Time to Take Action
Our Klamath Basin Water Crisis
Upholding rural Americans' rights to grow food,
own property, and caretake our wildlife and natural resources.

How Oregon Spends Money

Senator Doug Whitsett
R- Klamath Falls, District 28

Phone: 503-986-1728 900 Court St. NE, S-303, Salem, Oregon 97301
Email: sen.dougwhitsett@state.or.us
Website: http://www.leg.state.or.us/whitsett
State Seal
E-Newsletter 1/13/12
Oregon state revenue collections continue to decline. The November revenue forecast was about $300 million less than the amount predicted to be available at the end of last June. We fully expect that the next revenue forecast in February will predict further reductions.

The primary causes of the decline in revenue are our stagnant economy as well as our ongoing high rates of unemployment and underemployment. Tax revenue is sharply down because businesses are not making as much taxable profit and fewer employees are paying taxes on their wages. In fact, for the past two two-year budget periods, the actual amount of General Fund and Lottery revenue available to spend has decreased.

At the same time the cost of paying state employees will increase by about 7 Ĺ percent during this budget period. When we add inflationary costs, increased debt service on borrowed money plus the expense of expanded case loads the cost of maintaining current state services will swell by about 12 percent.

This sobering reality will result in Oregon state legislators searching for ways to reduce the cost of state government during the upcoming February Legislative Assembly. It is readily apparent that there simply will not be enough money available to continue all programs and services at their current levels. I believe that we must thoughtfully prioritize those programs and services. We then must drastically curtail or eliminate the services and programs determined to be the least important.

In my opinion, the cost of state advertising and communications is one area of spending that is ripe for reductions. A recent investigative report by the Oregonian newspaper determined that Oregon employs at least 220 public affairs specialists, design shop employees, and communications and public relations managers. The cost of their combined biennial salaries and benefits approach $40 million.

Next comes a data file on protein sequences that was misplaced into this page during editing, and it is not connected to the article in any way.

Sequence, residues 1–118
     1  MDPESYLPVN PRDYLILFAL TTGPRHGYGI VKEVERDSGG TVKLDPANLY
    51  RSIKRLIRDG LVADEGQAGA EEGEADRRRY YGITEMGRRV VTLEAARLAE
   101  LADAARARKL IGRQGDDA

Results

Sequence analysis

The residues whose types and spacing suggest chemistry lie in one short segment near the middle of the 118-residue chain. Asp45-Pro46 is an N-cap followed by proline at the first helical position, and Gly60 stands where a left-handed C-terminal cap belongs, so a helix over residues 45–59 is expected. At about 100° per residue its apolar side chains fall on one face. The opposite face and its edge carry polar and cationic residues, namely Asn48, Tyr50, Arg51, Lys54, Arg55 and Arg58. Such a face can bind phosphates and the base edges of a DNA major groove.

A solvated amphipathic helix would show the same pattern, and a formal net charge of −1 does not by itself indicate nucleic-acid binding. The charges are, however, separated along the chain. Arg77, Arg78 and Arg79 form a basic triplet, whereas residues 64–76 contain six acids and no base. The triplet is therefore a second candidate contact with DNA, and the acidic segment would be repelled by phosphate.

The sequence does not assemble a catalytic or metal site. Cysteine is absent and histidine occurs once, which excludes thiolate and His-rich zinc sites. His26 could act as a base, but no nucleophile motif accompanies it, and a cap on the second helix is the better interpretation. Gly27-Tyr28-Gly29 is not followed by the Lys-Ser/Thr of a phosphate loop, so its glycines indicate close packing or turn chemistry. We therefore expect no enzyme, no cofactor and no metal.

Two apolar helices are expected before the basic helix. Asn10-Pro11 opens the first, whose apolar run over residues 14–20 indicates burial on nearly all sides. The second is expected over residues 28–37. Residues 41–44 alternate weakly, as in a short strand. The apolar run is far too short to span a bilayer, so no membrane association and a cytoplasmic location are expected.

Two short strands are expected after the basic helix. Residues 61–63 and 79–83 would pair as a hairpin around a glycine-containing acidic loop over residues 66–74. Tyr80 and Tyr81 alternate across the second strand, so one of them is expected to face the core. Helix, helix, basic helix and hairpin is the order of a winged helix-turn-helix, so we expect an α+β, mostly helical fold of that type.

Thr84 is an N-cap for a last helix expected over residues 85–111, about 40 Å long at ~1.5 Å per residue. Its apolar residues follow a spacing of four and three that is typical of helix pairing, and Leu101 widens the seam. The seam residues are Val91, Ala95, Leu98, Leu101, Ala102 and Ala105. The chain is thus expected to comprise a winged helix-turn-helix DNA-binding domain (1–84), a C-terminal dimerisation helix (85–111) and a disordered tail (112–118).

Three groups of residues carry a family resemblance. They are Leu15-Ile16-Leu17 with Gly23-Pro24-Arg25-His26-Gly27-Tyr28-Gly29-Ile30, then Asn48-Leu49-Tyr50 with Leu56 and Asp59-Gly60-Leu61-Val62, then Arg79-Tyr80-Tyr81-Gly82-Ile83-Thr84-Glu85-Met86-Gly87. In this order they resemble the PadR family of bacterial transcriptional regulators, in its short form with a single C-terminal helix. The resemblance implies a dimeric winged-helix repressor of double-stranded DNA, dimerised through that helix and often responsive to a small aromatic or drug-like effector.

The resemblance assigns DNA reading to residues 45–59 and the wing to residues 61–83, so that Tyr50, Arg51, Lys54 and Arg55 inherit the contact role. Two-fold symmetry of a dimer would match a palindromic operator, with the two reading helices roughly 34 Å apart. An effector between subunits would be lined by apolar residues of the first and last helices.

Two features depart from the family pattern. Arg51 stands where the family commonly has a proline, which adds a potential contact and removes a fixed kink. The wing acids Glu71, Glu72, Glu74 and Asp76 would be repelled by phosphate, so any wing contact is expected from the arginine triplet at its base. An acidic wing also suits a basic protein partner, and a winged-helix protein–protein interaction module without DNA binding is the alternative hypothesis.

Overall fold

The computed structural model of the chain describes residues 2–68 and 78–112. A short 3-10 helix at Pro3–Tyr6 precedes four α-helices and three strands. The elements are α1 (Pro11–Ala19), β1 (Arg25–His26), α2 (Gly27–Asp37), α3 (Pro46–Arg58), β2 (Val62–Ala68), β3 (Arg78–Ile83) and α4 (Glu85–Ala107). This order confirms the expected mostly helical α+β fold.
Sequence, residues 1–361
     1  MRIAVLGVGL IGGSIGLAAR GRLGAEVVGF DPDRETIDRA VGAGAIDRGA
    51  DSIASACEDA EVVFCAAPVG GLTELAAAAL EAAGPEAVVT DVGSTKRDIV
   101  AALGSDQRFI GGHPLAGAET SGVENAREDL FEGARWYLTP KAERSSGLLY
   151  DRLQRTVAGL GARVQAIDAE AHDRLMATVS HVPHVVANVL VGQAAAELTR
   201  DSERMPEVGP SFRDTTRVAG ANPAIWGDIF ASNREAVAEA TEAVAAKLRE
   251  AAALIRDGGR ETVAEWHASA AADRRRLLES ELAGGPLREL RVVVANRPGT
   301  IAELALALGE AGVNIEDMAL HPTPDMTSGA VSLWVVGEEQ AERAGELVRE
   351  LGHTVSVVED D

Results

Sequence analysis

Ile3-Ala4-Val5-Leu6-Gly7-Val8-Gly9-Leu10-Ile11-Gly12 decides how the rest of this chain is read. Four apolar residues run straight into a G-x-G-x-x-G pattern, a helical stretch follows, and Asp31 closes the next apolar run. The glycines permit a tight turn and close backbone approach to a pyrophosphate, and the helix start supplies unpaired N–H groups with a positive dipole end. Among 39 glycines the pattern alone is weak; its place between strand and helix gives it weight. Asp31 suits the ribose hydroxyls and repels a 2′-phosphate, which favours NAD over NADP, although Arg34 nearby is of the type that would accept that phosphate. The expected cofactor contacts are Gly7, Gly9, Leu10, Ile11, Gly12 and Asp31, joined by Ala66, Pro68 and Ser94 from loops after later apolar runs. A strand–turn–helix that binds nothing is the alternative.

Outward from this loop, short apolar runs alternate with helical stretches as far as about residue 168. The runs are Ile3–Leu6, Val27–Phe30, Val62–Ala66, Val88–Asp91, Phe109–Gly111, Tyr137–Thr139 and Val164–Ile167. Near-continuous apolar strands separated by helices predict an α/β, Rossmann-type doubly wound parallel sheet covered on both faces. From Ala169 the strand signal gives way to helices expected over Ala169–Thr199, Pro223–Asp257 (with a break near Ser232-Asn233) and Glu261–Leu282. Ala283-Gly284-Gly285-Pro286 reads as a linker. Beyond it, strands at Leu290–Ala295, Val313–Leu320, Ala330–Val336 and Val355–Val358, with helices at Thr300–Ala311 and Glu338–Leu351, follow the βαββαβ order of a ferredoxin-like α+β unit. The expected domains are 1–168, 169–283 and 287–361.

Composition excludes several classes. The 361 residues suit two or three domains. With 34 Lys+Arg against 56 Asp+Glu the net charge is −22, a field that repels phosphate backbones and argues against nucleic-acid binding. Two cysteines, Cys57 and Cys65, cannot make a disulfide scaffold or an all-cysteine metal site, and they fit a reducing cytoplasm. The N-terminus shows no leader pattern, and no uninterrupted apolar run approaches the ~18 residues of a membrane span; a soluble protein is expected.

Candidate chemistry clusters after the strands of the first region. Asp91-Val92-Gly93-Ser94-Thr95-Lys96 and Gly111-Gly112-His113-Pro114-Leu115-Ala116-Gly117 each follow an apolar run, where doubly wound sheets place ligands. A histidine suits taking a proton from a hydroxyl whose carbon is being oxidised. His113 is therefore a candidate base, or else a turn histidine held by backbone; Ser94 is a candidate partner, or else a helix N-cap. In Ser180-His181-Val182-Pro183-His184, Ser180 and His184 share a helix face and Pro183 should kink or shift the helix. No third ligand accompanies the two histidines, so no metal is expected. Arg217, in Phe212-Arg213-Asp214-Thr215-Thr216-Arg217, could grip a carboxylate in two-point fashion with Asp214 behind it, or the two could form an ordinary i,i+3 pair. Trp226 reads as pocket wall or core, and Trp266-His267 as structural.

For instance, the Department of Human Services (DHS) was divided into two agencies in a cost reducing effort in 2009. At that time the agency had 16 advertising and communications employees. Two years later the two smaller agencies, DHS and the Oregon Health Authority, have more than doubled their communications staff to 39 employees.

Moreover, Oregonís top nine state agencies are scheduled to pay outside consultants about another $40 million during this biennium for public outreach and advertising campaigns. For example, the Department of Transportation employs 22 people devoted to communications. Yet the agency claims to not have the expertise or industry contacts to perform its advertizing and communication needs. It routinely pays outside consultants well more than $100 per hour for outside creative direction, media purchases and copywriting. A single five year traffic safety advertising campaign will cost the agency $5 million.

It seems that we may be paying both state employees and private company staff tens of millions of dollars to perform essentially the same tasks. Further, where is the wisdom in advertizing for greater public participation in programs that current budget constraints prevent maintaining at current service levels?

Oregon agencies produce and publish myriad magazines, pamphlets, brochures, catalogs and other outreach periodicals. These publications are usually printed on the highest quality paper with magnificent multicolor graphic design and extensive photography. The purpose for many of these periodicals is often not clear. We do not know who or how many people actually read the material. We often do not know what the agencies are trying to accomplish through their publications or whether they are achieving that purpose. Moreover, we often do not know the cost of developing, publishing and distributing this material. We do know that the cost is significant and amounts to tens of million dollars.

The Oregonian report did not focus on the additional substantial cost of state sponsored radio and televisions advertising. Hardly an hour passes when we are not exposed to some form of media advertisement promoting some government program, service or social position. Media advertising is expensive. The prime time hours when we often hear and see these advertisements are very costly.

Most egregious, the Department of Administrative Services that is charged with the responsibility of accounting for government costs admits that it has no current means of accurately accounting for or quantifying the costs of state government advertising and outreach.

The Oregonian used multiple public records requests and their own investigative skills to estimate those costs in nine state agencies. Oregon has more than 60 state agencies, boards and commissions that all have some advertizing, outreach and communications roles.

The fact of the matter is that we have no idea how much the state actually spends on these activities. Further, we have no current means of measuring the benefits derived from those expenditures.

Our Ways and Means General Government Subcommittee is working with the Department of Administrative Services in a concerted bipartisan effort to find the answers.

Please remember, if we do not stand up for rural Oregon no one will.

Best Regards,


Home Contact


              Page Updated: Saturday January 14, 2012 03:05 AM  Pacific

             Copyright © klamathbasincrisis.org, 2001 - 2011, All Rights Reserved